While other candidates are questioning the timing of the federal election, called Sunday to be held Sept. 20, Liberal can- didate Andrea Kaiser believes there are valid reasons for having it now.
When the election was announced, Prime Minister Justin Trudeau spoke of this time in the pandemic as a “pivotal” moment, when significant decisions about the future, including recovery plans, need to be made.
“We see the diversion of people’s ideas of how to end this pandemic,” Kaiser says, including the issue most often discussed and dividing Canadians at this stage of recovery — vaccination passports and mandating vaccines. There are differences in the way people view those issues, including whether they infringe on fun- damental rights, she says.
“We hear it in the community, and we see it on social media.”
These fundamental differences pose difficult questions, with no clear answers, that are best resolved through the democratic process. The way to accomplish that is to go to the people in an election. “This is the right time to exercise the democratic vote,” she says.
Pre-pandemic, she adds,
“who could have dreamed we’d be having this discussion about human rights?”
With no simple answer to a question that is dividing Ca- nadians, she says, it’s clearly the right time for voters to have their say.
Kaiser also speaks of a year of seeing the results of climate change, with the devastating wild fires and floods experi- enced across the country.
She ran on the need for ac- tion for future generations in 2019, and that remains one of her priorities. She’s proud of the Liberal climate change action plan, one that has been made even stronger since then.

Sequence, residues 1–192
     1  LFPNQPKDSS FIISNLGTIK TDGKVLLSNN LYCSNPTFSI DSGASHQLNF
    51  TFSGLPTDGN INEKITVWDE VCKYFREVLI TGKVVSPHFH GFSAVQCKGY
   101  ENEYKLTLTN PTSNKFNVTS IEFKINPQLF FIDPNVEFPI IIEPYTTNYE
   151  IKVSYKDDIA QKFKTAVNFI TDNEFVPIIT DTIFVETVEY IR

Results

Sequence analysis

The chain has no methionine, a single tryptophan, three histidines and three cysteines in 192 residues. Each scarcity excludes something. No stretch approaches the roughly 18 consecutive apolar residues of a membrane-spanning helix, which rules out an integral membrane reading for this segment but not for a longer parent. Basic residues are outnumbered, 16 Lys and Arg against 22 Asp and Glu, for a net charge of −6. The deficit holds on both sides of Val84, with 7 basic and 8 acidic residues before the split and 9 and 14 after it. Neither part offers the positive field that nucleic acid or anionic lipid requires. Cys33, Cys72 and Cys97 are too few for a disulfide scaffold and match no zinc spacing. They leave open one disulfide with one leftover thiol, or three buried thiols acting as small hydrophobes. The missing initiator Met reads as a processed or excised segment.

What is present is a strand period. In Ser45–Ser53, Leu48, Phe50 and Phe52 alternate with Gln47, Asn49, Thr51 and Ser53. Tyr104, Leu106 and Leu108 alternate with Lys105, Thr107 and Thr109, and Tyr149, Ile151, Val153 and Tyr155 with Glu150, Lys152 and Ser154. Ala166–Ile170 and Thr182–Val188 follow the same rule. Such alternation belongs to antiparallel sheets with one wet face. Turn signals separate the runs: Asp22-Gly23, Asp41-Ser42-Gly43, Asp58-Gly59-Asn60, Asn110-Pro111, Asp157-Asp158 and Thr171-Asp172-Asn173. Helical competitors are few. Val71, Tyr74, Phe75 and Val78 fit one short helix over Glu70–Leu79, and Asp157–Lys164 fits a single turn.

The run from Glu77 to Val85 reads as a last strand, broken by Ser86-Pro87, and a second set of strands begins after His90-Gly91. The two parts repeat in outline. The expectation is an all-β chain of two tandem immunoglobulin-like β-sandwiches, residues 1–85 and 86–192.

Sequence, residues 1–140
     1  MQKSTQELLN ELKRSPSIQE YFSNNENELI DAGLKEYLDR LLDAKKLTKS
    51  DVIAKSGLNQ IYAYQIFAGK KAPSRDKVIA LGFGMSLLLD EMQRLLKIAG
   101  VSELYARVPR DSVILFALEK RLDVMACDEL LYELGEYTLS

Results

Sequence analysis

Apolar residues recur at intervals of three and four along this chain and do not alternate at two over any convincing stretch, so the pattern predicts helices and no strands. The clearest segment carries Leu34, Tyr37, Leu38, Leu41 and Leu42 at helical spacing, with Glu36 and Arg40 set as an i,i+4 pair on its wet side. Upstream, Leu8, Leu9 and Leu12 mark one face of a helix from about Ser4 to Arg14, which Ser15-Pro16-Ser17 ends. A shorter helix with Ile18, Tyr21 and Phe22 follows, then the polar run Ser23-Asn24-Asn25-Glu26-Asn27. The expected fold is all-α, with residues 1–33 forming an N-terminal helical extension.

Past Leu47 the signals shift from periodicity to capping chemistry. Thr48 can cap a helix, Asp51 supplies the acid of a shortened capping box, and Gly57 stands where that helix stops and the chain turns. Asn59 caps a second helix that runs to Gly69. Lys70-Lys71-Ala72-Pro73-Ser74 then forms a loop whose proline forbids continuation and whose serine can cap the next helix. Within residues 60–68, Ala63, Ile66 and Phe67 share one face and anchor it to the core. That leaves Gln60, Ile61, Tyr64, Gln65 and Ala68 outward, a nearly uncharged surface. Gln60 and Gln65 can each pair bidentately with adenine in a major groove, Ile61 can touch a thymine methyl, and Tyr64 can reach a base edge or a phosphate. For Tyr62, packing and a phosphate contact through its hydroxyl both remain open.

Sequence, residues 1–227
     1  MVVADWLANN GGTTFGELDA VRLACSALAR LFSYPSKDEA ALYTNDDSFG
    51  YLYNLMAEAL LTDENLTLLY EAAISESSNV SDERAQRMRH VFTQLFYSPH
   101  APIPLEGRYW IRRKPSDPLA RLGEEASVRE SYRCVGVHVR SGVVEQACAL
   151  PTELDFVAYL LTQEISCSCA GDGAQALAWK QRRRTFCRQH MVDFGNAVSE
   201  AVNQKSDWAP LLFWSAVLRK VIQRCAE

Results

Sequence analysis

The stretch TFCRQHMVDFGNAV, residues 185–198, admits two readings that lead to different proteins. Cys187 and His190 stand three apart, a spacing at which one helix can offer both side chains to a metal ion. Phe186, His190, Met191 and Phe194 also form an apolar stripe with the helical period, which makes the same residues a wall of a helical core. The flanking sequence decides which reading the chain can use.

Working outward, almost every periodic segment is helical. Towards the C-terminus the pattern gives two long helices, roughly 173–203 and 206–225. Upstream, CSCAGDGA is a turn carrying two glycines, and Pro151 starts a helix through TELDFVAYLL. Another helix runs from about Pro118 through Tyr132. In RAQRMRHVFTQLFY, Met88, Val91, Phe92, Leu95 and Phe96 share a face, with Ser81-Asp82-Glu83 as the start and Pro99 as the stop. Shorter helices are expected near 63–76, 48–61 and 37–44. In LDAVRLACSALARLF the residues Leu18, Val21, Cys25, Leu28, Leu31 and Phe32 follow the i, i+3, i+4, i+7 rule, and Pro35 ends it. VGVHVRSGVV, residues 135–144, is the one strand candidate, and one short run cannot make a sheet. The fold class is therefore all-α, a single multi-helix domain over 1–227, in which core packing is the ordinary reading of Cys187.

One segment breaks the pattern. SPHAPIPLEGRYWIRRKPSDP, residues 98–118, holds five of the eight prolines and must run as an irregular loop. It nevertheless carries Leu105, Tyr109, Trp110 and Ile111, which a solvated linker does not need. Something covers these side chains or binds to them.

It provides protection for the Great Lakes, the Niaga- ra River, and Niagara’s “sa- cred green spaces,” defending specialty crop areas and the Greenbelt.
She is also proud of the $10 a day child care plan, and recalls how helpful it would have been for her as a some- times-struggling single mother.
The Liberal program will cre- ate day care spaces and provide support for mothers and families who are struggling, much more effectively than a tax credit, she says. She points to Quebec, as Trudeau has, as a province which by expanding day care and mak- ing it affordable invests in fami- lies and children.
Kaiser says after representing the Niagara Falls riding and com-
ing in second in the 2019 elec- tion, when she decided she would let her name stand, she continued her involvement with the party and the community, staying in touch with her constituency and keeping them engaged.
She and her team have continued to do community outreach and remained active, reaching out to people during the pandemic, offering help if needed, “and people are just so grateful. It’s been a really good experience.”
“I never really stopped,” she continues. “Once I’d made the decision to go down this path, I also decided to do the work I needed to do to be ready.”
Donations and volunteers have continued to help, “and there is still a lot of momen- tum.”
She refers to the election call as “the worst-kept secret,” saying she heard the news last week, along with all Canadians, and learned it was official Sunday.
“I’ve worked hard to pursue this path, and I’m as ready as I can be.”
To those who criticize the safety of an election campaign during a pandemic, she points to the advice of Dr. Theresa Tam, Canada’s chief public health officer, who has said that it can be held safely, even in a fourth wave, if protocols are followed.
Kaiser says elections have been held in several provinces,
with no major outbreaks, and can be just as safe in a federal election.
She is going door-to-door wearing a mask, standing back two metres, asking voters if they’re comfortable talking or taking a pamphlet.
During a press conference Monday, Dr. Mustafa Hirji, Ni- agara’s acting medical officer of health, said he believes, with proper protocols, an election can be held safely, Most cam- paigning, including going door- to-door, is done outdoors, he said, and with masks and physi- cal distancing, can be safe.
He advised against gath- erings with a large number of people, saying campaign events can rely on media coverage rather than large crowds to be effective.
He also encouraged voters
to take advantage of mail-in ballots and advance polls, as well as attending polling sta-
tions during the times of day when they are not as likely to be busy.